“We took them everywhere — we climbed Mount Kinabalu in Borneo when they were 12 and 15, we went to New Zealand with them when Dorje was only three,” she said.
“We had such a happy family life and they did everything with us, we did so much as a family.”
The boys had inherited her husband’s wicked sense of humour, she said and humour was always “Lincoln’s default mechanism” — something the world discovered with his famous line to the rescuers who discovered him on May 26, 2006.
It was on that morning, after he spent the night at 8600m, when he deadpanned: “I imagine you are surprised to see me here”.
The wake at his Wentworth Falls home turned into a celebration but not before a man with a rather raspy voice from his ordeal called to confirm he was really alive. As he recounted in his book Dead Lucky, Barbara Hall had asked ‘“You’re Lincoln?” not completely convinced, and he replied “It’s me. Lincoln Ross Hall of Wentworth Falls, I hope you haven’t started looking for another husband.”’
That was classic Lincoln, she said, the reason why so many people loved him was that sense of fun.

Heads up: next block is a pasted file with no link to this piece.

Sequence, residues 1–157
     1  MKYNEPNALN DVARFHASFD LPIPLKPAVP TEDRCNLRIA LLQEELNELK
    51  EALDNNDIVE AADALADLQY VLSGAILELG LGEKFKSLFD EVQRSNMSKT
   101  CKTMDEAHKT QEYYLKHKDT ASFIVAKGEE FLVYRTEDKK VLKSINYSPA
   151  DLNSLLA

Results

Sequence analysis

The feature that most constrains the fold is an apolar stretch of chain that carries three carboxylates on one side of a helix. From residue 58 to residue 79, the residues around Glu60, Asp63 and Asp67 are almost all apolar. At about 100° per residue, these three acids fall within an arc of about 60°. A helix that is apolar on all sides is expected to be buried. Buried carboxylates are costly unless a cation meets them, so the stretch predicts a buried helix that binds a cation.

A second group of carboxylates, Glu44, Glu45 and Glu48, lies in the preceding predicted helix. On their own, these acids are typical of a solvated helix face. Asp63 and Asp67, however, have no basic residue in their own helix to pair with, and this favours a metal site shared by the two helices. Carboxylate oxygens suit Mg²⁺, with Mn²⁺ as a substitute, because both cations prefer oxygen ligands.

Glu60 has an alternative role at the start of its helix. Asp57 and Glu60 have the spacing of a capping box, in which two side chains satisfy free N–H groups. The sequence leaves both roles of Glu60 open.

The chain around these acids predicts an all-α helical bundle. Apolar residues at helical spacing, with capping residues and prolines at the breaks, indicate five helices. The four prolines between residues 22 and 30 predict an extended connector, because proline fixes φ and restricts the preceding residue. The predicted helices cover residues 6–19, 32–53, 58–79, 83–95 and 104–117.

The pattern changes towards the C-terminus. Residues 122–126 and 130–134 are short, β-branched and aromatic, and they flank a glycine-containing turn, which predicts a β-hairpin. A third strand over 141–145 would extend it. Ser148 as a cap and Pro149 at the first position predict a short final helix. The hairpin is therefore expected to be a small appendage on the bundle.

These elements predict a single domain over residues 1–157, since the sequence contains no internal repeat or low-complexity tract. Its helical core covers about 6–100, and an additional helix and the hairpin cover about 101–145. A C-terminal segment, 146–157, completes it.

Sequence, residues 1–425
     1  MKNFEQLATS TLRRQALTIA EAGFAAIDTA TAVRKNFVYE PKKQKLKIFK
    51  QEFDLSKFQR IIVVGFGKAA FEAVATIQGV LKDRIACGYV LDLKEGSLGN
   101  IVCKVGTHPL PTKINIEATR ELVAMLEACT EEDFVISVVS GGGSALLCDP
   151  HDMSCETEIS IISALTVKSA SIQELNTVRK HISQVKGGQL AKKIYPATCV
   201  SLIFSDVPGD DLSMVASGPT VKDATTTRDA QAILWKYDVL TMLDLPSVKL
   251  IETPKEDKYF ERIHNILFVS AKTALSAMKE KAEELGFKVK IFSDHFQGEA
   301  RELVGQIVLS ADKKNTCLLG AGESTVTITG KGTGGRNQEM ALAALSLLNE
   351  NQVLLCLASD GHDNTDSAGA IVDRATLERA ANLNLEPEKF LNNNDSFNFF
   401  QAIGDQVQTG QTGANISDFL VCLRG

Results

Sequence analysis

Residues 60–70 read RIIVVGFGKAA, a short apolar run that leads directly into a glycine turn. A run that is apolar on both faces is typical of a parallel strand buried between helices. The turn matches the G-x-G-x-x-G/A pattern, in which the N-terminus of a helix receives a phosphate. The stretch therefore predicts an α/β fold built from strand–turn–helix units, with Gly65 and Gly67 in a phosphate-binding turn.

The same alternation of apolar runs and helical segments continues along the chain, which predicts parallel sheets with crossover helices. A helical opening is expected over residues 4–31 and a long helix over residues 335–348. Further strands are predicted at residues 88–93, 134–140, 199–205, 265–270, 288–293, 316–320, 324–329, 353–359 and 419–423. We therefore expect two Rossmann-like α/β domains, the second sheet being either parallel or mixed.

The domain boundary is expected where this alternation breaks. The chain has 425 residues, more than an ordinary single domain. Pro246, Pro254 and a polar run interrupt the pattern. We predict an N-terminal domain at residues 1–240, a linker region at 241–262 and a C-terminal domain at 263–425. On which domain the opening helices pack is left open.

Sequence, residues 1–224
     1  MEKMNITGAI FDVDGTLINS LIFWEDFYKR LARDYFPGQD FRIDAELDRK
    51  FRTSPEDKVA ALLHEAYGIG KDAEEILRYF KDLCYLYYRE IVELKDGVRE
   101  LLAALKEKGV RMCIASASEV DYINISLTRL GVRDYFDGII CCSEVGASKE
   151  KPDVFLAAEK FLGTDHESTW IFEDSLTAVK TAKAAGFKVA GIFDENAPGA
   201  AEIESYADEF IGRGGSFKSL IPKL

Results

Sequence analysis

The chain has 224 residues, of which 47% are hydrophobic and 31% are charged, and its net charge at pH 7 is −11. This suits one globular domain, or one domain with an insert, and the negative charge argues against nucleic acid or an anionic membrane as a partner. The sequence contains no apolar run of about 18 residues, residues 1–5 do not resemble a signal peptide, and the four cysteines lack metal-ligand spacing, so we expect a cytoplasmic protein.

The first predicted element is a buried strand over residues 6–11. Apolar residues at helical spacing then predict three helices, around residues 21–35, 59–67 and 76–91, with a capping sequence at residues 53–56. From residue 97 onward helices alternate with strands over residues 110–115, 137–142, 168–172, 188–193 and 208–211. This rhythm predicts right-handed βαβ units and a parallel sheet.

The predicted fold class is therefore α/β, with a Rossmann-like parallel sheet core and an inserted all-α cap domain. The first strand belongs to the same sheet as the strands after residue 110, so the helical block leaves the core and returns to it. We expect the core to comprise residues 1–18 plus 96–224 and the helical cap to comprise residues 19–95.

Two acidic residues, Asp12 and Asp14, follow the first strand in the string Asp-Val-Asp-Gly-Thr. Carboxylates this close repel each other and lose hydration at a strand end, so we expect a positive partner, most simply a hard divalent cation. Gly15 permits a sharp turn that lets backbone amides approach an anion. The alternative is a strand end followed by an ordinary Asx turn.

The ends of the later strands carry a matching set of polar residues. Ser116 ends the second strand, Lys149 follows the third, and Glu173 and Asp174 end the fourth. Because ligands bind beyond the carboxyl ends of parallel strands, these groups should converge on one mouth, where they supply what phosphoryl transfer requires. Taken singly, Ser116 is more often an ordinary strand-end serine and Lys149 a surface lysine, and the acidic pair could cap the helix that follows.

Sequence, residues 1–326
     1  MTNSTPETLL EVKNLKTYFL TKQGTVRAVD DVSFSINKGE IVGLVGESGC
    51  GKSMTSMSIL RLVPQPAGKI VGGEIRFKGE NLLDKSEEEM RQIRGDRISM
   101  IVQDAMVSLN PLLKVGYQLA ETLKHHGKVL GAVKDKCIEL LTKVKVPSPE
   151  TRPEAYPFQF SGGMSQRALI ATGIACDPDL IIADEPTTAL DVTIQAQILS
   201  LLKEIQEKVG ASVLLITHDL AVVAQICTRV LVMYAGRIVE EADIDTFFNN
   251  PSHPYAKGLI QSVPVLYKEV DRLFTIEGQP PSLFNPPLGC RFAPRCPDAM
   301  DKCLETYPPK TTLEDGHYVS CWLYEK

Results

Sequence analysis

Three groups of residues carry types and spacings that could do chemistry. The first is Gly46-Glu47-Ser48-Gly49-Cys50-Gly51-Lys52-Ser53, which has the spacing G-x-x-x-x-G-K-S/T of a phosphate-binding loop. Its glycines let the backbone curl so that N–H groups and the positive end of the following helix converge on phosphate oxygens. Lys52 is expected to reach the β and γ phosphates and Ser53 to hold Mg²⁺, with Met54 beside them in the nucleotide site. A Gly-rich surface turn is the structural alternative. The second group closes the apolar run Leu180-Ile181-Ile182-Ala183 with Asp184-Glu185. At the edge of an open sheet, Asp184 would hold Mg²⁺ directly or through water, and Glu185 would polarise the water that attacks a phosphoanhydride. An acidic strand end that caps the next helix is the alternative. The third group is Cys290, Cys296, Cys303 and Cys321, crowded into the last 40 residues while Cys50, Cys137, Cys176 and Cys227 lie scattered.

Fellow climber and friend, Lucas Trihey of Leura, shared many adventures with the man who had made the Blue Mountains his home for two decades. In a tribute published in the Blue Mountains Gazette after his death last year he wrote: “Lincoln was a larger-than-life character. He was often so calm and relaxed that many of the friends who had never seen him in the mountains wondered how he managed to get himself organised enough to climb the hardest peaks on earth.
“In 1995 we worked together as safety crew and climbing consultants during the filming of The Edge, the Imax movie about the Blue Mountains and the Wollemi Pine. I have great memories of rigging a camera platform with Lincoln high above the 50m deep slot in remote Claustral Canyon. As we wrestled an aluminium ladder across the chasm he’d be cracking appalling puns and entertaining the crew with good humour. Lincoln knew as well as any of us the consequences of a mistake in this work yet his relaxed presence had a calming effect on us all.”
Many people mythologised her husband. Barbara Hall remembers fondly the day she went climbing with Lincoln and while he was up high, scaling a rock, climbers down below were debating whether it was “really him”.
“Is that Lincoln, Lincoln Hall?” one climber asked.” “No, not big enough,” the other climber had said.
As Lucas Trihey’s eulogy said: “Lincoln’s tall frame and taller presence will be sadly missed but will be remembered fondly by all who knew him.”
And for those who did not know him, there’s a lookout down Little Switzerland Drive in Wentworth Falls awaiting a visit.
Australian Himalayan Foundation chairman Simon Balderstone proposed the lookout’s name and it has been endorsed by the Blue Mountains World Heritage Advisory Committee and Gundungurra Aboriginal Heritage Association.
For more information about asbestos-related diseases contact The Asbestos Diseases Foundation of Australia on 9637 8759 or visit the website www.adfa.org.au.